Green It Like You Mean It

The first thing to know about going green in business is that you have to be sincerely committed to it.

Studies have shown that while most consumers are willing to pay a little extra for products that they know are environmentally friendly, they are not prepared to fork out if they don’t believe the hype.

When businesses treat sustainability initiatives as something to tack onto their portfolio, rather than a whole-hearted effort to clean up their act, consumers are unlikely to buy it.

“Sustainable businesses, if they do it well, will have an advantage,” MacGillivray said. “But if a company has a sustainability program because they think they should do, or because the CEO or the CEO’s wife, thinks it’s a good idea or because they’re following the latest trend, actually they could lose money.”

The key, he said, is good marketing to make sure that the consumer understands the company’s intentions in switching to a green product or business model.

Another important factor is to make sure that the cost of that change is not passed on to the consumer in the form of a green premium.

Consumers may say in surveys that they are willing to pay more, but when it comes to the crunch, many will still choose the cheaper option.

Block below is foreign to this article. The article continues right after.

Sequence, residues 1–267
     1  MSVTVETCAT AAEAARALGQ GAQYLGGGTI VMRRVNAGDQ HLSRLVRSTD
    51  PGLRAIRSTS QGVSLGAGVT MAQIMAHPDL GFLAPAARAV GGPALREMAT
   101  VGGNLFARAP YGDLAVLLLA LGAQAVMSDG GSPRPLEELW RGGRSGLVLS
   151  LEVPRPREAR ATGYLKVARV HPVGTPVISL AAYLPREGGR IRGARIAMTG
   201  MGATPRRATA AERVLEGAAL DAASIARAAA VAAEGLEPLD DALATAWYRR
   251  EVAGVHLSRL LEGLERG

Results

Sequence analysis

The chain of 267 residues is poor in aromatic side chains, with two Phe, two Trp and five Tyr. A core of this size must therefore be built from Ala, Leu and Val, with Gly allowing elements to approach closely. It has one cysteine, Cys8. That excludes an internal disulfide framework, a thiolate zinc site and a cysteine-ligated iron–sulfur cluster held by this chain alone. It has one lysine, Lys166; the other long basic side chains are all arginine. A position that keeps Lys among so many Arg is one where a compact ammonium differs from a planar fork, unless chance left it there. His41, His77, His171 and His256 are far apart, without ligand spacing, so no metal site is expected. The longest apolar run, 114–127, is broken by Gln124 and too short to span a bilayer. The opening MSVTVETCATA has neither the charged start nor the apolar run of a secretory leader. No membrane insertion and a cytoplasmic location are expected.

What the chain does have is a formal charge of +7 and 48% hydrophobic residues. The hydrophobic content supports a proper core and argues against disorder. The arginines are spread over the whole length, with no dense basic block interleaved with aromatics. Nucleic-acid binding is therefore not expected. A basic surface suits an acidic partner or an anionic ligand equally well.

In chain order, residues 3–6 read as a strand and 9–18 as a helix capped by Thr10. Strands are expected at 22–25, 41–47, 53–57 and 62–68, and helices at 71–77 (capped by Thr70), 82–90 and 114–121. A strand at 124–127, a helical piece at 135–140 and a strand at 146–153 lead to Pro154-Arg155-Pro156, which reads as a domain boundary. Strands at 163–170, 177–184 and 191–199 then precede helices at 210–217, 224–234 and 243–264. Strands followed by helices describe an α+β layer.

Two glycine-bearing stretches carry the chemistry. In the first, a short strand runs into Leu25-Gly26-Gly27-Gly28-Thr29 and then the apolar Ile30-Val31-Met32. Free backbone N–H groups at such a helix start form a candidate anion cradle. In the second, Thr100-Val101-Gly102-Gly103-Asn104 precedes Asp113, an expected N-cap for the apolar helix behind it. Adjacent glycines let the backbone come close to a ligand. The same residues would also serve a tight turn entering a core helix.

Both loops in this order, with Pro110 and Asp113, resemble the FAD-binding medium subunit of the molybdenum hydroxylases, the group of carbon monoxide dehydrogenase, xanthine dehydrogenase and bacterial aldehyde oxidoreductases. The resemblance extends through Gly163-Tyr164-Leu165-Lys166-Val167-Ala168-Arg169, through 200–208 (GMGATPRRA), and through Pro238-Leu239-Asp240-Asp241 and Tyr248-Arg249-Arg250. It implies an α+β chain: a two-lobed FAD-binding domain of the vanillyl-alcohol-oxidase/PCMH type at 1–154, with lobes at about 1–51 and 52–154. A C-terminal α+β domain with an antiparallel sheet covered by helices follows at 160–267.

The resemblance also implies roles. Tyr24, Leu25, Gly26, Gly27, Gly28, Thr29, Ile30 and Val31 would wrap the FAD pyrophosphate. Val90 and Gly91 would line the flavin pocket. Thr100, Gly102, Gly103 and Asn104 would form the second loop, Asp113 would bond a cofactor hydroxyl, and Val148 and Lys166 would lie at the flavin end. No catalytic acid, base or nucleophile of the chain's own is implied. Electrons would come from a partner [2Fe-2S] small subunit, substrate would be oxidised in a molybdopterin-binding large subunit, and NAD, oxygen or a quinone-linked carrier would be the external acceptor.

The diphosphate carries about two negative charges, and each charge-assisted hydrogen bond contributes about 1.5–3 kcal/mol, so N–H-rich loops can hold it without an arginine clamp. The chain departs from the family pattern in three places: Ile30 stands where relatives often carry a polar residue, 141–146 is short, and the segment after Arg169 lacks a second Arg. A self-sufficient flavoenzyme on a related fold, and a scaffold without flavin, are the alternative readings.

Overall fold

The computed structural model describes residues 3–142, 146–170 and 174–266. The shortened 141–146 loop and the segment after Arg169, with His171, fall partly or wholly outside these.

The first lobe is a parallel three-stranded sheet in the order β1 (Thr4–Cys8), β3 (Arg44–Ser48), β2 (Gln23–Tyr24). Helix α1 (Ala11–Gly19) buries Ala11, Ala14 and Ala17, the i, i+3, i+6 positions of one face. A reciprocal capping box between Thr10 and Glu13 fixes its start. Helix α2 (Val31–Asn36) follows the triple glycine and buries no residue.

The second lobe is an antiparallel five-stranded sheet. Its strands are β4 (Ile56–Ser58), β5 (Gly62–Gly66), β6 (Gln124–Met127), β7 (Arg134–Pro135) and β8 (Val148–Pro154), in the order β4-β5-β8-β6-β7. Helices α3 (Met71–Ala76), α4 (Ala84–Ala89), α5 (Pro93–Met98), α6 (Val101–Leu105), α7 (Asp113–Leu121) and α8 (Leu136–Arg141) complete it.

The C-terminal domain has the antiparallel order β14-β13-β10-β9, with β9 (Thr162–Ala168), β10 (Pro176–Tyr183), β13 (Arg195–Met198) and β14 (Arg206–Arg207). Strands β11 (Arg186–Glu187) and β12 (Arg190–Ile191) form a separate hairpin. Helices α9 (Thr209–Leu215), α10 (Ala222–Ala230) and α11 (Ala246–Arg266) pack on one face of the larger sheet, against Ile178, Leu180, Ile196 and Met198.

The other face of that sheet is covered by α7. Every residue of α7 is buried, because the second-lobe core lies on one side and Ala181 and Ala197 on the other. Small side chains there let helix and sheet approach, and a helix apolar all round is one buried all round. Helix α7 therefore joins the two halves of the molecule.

“If you really believe in this stuff then you have to find a way of making it affordable so that it’s not a dilemma for a customer,” MacGillivray said. “It has to be a no-brainer for the consumer so that they can do what they’d prefer to do, but they don’t have to decide on price.”

The real challenge for Indonesia is not just to produce green products, but to make them affordable for the country’s majority low-income population.

The growing middle class may be developing an awareness about making ecological sustainable choices, but for the rest of the country, price is always the clincher. Businesses that are serious about making an impact here will put low-income earners first by developing products and services that provide a future for this market.

“Markets move faster than the government can introduce regulations,” said Felia from BNI. “Markets and consumers also have to push.”